In these days since hearing that Mike DeCicco died, an old-time phrase keeps running through my head. “He was a Notre Dame man.”
Back in the day, in the decades before I arrived in 1970, the term “Notre Dame man” carried good weight. It was a meaningful attainment at that single-sex school, in a culture that prized masculinity and suggested its own definition of manhood and the attributes required.
Mike DeCicco embodied all that.
In this day and time it’s risky to put forward such a concept. It’s out of date and sexist and carries freight from days gone by. I’ve been here long enough to know how precarious talk of the past is.
But when I think of Mike DeCicco, that’s what I think of.
DeCicco died last week. He was 85. He served Notre Dame in some capacity for 41 years.
He came from Newark as a student in 1945 and fenced foil, sabre and epee, the last Notre Dame fencer to compete in all three weapons. His 29-1 foil record as a junior put him in the NCAA championships and his career 45-4 foil record still ranks fourth on Notre Dame’s all-time list.
He was an engineering student who graduated in 1949, later worked toward a master’s and a doctorate, who devised methods to improve air conditioning and heating, and who holds several patents. He understood the value of education. But he knew sports could produce their own bounty.
DeCicco became Notre Dame’s head fencing coach in 1962. His 34-year career coaching record was 680-45. His teams won five national championships. He had 12 undefeated teams, a 122-match winning streak that spanned six seasons, and nine one-loss campaigns. He coached eight individual national champions and almost 100 All-Americans. He was national coach of the year four times.
One former fencer described him as the Knute Rockne of fencing. His impact was not only national but global. His teams crossed the Iron Curtain. He coached teams in Olympic and other world championship competitions. Foreign coaches came here to coach with him; his former players went on to coach many others.
When women finally entered Notre Dame’s undergraduate population in 1972, this “Notre Dame man” was instrumental in providing them with athletic opportunities. He formed and coached the women’s varsity fencing team from 1977 until 1986. He laid the foundation for women’s teams that would win national championships.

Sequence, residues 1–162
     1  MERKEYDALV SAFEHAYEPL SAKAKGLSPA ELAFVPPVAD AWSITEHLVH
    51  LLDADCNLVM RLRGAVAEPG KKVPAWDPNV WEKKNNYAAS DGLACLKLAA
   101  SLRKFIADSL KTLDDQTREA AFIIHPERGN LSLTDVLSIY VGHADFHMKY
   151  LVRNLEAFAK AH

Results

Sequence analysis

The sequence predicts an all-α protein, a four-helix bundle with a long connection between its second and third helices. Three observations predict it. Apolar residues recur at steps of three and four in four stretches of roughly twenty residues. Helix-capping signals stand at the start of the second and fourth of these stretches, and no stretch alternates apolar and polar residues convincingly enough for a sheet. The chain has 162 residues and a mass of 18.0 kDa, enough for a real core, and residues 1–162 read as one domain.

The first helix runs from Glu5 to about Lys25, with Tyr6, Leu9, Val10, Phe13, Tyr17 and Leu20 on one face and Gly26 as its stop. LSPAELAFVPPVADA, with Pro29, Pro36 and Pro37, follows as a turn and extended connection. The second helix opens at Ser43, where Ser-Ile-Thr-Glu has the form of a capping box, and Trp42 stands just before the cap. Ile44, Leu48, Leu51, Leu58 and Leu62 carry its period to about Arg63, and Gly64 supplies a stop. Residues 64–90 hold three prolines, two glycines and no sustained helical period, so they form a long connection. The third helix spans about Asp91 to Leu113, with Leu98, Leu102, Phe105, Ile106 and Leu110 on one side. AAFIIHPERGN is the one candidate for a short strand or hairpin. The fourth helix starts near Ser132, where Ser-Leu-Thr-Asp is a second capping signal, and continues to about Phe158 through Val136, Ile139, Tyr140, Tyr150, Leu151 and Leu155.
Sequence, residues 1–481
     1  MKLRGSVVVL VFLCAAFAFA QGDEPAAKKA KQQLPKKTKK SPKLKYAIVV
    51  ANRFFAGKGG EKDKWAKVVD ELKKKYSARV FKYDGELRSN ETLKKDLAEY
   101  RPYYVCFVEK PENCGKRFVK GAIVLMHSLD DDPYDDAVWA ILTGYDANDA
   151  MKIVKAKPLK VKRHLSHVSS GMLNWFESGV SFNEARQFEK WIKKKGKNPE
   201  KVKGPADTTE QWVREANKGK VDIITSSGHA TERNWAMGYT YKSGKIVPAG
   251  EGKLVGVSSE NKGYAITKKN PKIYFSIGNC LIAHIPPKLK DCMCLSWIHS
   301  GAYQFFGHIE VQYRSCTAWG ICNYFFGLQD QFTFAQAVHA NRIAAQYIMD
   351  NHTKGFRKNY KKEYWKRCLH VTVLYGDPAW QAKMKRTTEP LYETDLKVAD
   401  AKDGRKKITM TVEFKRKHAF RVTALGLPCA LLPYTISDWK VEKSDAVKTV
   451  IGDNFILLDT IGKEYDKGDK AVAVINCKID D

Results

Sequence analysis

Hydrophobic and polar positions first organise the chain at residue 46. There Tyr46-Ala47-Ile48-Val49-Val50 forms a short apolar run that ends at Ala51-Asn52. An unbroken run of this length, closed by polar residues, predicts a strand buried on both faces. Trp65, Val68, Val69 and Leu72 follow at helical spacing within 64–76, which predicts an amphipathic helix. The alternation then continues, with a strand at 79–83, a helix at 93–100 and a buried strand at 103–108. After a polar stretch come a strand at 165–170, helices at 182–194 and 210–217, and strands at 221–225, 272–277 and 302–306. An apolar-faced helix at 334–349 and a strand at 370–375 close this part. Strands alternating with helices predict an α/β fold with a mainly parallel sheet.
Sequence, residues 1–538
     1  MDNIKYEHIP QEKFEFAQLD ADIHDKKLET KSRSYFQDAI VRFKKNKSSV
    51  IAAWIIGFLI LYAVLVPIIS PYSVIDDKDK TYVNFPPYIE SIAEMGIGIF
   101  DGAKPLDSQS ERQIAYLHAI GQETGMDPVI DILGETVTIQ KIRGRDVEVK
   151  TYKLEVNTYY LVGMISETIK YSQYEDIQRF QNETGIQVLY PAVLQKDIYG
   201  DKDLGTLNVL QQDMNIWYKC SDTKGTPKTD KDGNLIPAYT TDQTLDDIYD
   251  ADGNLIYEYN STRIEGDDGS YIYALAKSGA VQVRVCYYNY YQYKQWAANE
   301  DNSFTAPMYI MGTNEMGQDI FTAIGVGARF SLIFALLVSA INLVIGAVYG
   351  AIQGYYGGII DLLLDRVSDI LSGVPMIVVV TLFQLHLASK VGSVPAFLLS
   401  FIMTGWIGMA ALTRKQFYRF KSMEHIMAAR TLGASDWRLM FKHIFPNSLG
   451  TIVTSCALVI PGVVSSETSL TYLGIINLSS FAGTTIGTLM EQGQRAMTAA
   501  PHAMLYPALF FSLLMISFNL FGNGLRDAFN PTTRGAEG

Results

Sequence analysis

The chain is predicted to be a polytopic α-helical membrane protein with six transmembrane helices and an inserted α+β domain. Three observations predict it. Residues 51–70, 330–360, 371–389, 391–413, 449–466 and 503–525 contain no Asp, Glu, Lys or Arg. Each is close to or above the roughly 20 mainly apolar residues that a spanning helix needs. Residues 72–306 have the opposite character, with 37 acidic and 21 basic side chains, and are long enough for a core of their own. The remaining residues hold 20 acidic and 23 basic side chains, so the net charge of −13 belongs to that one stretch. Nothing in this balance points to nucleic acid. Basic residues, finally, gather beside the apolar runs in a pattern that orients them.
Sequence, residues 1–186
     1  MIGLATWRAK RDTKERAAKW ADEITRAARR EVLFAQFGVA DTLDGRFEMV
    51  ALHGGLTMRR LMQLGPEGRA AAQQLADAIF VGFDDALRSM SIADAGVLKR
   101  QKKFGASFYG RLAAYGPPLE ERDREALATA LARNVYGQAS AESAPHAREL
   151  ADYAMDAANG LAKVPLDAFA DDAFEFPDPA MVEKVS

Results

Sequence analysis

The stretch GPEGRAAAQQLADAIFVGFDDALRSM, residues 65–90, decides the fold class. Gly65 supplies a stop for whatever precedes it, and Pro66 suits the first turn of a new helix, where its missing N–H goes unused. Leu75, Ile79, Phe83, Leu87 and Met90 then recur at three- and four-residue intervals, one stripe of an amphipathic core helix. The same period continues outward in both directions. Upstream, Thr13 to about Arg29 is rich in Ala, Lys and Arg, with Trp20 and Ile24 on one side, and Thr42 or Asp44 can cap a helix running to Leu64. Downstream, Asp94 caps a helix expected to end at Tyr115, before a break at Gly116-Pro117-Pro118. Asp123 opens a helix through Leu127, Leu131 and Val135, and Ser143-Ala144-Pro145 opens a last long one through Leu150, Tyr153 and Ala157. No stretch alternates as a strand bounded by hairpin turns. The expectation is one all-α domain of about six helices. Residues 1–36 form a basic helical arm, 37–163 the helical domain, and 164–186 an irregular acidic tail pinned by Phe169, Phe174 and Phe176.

But if you ask those who fenced for him, they’ll say his greatest contributions could be found in the relationships he formed, the mentoring he did, the personal attention he gave, the love he bestowed.
That’s why hundreds showed up for his funeral April 3 at the Basilica of the Sacred Heart. And why they spoke genuinely and emotionally about him. And why — just outside the doors to the basilica — they formed an arch with their weapons, giving the beloved coach a final salute.
But fencing — and DeCicco’s effects on his fencers — tells only part of the DeCicco story. His influence on Notre Dame athletics and collegiate sports is even broader.
In 1964, Notre Dame president Father Theodore Hesburgh, CSC, and the executive vice president, Edmund P. Joyce, CSC, who oversaw athletics, asked DeCicco to launch a program to provide academic advising to varsity athletes. DeCicco started it from scratch.
Notre Dame’s program became the model for countless other schools and positioned the university as the leader in showing how athletics and academics could be mutually supportive and beneficial to the student athletes. Generations of students owe him and his staff for their education and careers.
DeCicco really cared about the students. It was personal with him.
One of my most vivid memories of him is my first — probably 25 years ago.
I was interviewing him for Notre Dame Magazine, a story about the athletes and the education they get here. He was pleasant, helpful, informative. Then I said I had noticed that a good percentage of the football players had the same major and I asked if that department was a place to shelter them. He was instantly mad — mad enough, I thought at the time (and braced myself), for him to come right over the top of his desk at me.
But he didn’t. He paused then provided a reasonable explanation and I explained my inquiry and we went right along as if there’d been no bump at all.
DeCicco was always gracious and friendly. The last time I saw him was last summer at Dairy Queen. He stopped for a moment and spoke to my family. We had a cordial exchange, and I thought then, as he limped gingerly out the door, “There goes a Notre Dame man.”
Since I came here to work in 1977, I have met men and women who have stood for the place, who have represented the best of Notre Dame, who show the rest of us how to be, how to perpetuate the legacy.
At one time — there’s no denying it — these giants were almost always men. That’s no longer true, of course. But Mike DeCicco was one of those giants, one who had made major contributions by the time I got here. He carried the tradition, enhanced it, and passed it on to others.
He showed those who came after how you do it: how you excel at whatever you do — and still treat others with a gentle stroke of humanity, even as you give them a firm push in the right direction.
Kerry Temple is editor of Notre Dame Magazine. Email him at email@example.com.